During the implementation of the project Safe Hospitals and Urban Risk significant progress has been achieved related with the strengthening of the health sector in the region and improvements in the safety of health facilities. One of the biggest factors of success has been the multiplier effect through partnerships with Universities and national partners. Several universities in the region (the Universidad de San Carlos in Guatemala and the Universidad Don Bosco in El Salvador, among others) use the resources recommended by PAHO/WHO to sensitize students about the need of building safer hospitals.
However, the great challenge of having safe health facilities in Central America (a region particularly vulnerable to disasters) is and will be a priority for PAHO/WHO. More than 67% of all 18,000 hospitals from Latin America and the Caribbean are located in high risk areas and many of them have remained out of operation after earthquakes, hurricanes and great magnitude floods.
In this respect, promote multi-sectoral work, which includes not only the health sector, and continue to promote the appropriation of the concept of Safe Hospitals by countries should be indispensable pillars of PAHO/WHO support.
The project Safe Hospitals and Urban Risk, based on the Safe Hospitals initiative, has been carried out in Nicaragua, Honduras, El Salvador, Guatemala and border areas between Panama and Costa Rica, following up a process that the countries prioritized and in which they work since 2008 with the support of the Department of Humanitarian Aid and Civil Protection of the European Commission (ECHO).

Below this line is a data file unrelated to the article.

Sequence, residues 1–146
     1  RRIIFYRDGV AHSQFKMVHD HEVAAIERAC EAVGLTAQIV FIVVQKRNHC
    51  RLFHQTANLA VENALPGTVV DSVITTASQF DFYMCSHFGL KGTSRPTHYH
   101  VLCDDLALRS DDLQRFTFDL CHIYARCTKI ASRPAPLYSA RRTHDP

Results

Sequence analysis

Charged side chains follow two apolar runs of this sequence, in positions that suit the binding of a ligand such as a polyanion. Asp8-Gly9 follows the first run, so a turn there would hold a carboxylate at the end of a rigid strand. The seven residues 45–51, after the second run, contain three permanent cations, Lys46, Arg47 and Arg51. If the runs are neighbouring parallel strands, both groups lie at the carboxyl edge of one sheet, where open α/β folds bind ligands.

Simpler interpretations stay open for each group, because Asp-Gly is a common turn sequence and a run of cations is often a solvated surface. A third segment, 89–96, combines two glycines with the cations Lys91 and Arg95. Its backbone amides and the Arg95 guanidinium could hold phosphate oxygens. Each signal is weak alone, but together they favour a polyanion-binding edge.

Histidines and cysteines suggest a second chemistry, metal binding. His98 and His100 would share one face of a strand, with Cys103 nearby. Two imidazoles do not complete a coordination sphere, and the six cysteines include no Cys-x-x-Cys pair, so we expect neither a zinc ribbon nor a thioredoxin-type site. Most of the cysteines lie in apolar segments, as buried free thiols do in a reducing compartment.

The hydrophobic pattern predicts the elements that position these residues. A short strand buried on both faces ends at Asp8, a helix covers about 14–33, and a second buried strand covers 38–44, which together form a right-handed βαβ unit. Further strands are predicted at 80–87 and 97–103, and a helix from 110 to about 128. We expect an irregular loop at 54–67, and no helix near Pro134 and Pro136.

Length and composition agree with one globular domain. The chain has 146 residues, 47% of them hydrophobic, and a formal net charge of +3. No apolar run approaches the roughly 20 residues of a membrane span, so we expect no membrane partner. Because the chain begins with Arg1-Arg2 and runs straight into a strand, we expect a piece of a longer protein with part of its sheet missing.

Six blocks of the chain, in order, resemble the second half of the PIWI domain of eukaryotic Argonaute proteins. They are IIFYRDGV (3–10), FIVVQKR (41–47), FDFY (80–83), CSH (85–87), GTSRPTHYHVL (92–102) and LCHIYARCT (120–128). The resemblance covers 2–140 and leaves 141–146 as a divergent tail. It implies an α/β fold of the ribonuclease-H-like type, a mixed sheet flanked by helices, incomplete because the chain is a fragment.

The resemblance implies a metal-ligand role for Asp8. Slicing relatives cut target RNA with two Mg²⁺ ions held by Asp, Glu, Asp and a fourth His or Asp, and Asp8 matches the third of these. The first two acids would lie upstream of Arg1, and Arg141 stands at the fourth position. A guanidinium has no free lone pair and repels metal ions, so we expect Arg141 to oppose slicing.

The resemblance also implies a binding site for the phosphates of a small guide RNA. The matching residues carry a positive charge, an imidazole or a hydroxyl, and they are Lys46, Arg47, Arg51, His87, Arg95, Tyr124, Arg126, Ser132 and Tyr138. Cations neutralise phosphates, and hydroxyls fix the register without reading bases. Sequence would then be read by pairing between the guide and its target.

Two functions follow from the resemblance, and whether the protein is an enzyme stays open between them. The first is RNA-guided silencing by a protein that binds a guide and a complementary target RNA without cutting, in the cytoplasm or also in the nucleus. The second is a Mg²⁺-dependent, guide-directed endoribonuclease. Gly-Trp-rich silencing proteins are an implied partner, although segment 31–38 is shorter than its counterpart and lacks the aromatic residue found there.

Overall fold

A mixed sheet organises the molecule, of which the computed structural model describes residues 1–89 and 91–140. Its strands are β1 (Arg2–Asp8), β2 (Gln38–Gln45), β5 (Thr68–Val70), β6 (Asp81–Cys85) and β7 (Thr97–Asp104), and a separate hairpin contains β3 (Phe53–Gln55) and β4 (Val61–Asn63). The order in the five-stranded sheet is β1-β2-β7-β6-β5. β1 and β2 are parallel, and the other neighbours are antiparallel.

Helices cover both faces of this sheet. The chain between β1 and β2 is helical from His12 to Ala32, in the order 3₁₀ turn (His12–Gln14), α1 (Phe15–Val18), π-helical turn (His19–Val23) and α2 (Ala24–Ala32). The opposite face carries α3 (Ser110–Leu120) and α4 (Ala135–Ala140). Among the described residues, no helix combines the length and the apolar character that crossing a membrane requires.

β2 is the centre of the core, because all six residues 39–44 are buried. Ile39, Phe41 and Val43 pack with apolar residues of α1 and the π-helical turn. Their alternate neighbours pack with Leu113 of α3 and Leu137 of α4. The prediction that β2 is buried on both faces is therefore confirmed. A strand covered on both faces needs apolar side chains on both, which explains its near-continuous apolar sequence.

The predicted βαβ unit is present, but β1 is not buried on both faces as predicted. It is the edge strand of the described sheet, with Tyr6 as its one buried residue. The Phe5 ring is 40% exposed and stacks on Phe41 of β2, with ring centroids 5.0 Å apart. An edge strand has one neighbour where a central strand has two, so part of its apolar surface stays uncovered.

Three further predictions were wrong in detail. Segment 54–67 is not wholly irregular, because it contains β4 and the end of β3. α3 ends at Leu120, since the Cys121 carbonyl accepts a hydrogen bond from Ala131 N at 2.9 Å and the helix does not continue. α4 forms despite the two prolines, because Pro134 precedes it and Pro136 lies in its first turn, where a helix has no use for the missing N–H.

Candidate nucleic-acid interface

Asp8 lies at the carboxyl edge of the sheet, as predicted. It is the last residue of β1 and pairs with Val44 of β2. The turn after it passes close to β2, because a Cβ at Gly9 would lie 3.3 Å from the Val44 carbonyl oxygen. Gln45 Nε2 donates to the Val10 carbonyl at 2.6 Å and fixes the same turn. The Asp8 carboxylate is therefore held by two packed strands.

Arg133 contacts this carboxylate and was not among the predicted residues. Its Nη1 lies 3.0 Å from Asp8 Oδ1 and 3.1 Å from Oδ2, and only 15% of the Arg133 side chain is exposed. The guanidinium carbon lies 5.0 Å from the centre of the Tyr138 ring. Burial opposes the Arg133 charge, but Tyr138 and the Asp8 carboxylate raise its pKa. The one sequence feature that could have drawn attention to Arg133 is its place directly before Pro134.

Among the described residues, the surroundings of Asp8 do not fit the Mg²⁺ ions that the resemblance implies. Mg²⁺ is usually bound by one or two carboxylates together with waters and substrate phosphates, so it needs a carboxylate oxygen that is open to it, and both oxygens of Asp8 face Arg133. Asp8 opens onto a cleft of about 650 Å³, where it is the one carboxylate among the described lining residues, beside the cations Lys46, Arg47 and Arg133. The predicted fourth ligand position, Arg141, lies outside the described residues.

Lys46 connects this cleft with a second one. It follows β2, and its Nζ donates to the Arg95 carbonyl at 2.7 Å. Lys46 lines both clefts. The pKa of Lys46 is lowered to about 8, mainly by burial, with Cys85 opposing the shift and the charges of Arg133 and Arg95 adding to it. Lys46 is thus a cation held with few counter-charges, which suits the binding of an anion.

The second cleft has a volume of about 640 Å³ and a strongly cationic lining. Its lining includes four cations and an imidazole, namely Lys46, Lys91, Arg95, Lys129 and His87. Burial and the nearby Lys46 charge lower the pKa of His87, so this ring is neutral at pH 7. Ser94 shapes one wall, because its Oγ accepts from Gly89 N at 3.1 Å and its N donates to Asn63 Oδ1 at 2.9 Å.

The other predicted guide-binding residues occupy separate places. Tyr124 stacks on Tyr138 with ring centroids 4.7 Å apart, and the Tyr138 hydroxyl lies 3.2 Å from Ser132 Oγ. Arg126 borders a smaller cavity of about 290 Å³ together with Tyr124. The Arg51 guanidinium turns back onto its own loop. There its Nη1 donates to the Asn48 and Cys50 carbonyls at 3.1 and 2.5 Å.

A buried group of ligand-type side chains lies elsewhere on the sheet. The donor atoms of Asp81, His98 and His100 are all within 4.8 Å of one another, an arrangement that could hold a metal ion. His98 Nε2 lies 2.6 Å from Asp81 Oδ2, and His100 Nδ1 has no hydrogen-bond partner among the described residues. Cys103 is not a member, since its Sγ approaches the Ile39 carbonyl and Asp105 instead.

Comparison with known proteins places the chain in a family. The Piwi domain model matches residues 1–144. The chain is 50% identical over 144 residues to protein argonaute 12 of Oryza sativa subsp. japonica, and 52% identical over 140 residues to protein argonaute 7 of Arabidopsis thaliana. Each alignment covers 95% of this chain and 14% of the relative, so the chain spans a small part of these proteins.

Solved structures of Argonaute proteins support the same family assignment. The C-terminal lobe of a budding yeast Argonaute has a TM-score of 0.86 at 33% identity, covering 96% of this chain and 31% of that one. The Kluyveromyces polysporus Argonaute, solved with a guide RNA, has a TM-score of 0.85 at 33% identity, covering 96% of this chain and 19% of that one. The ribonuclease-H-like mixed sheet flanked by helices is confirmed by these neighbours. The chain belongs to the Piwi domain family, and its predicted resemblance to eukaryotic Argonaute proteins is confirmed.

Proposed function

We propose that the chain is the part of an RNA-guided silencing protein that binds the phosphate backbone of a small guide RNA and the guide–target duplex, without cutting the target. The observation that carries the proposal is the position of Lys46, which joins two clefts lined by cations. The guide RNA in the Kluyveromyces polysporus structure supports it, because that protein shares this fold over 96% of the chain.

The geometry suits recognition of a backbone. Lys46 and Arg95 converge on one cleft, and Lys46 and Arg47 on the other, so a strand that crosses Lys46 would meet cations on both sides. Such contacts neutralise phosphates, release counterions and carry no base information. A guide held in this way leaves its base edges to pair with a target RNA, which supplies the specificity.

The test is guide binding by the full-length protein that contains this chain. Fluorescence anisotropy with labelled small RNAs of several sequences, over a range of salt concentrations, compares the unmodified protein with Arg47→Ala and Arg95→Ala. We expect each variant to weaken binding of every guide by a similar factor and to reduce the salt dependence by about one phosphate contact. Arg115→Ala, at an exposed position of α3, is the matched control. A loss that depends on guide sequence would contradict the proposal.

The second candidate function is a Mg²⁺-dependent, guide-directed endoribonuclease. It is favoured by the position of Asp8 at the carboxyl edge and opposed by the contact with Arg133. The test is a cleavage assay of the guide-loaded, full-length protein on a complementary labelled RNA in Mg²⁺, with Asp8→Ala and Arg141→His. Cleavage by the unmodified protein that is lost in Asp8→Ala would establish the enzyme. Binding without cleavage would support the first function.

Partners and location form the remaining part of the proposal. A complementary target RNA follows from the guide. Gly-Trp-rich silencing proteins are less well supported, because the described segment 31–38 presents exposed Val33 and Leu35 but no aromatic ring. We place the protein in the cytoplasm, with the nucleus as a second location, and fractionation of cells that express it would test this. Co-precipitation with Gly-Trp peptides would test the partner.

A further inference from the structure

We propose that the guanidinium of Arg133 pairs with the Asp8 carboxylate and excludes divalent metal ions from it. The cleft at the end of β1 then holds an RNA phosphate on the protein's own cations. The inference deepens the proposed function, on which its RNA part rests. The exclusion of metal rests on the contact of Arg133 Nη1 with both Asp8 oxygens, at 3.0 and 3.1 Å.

During the 15 month duration of this project, the Ministries of Health of the countries in close coordination with PAHO/WHO and other partners implemented several activities to promote emergency preparedness and actions to increase the safety of health facilities through the use of the Hospital Safety Index, among other tools.
Systematization and lessons learned
The aim of retrieving this information and systematize the experience is to organize the knowledge generated during the project and share it with all people, groups and public and private institutions that could be interested in the experience.
In order to increase the health sector resilience to respond to disasters the Pan American Health Organization (PAHO/WHO) through the Area on Emergency Preparedness and Disaster Relief launched the first of November 2010 the project Safe Hospitals and Urban Risk in Central America supported by ECHO.
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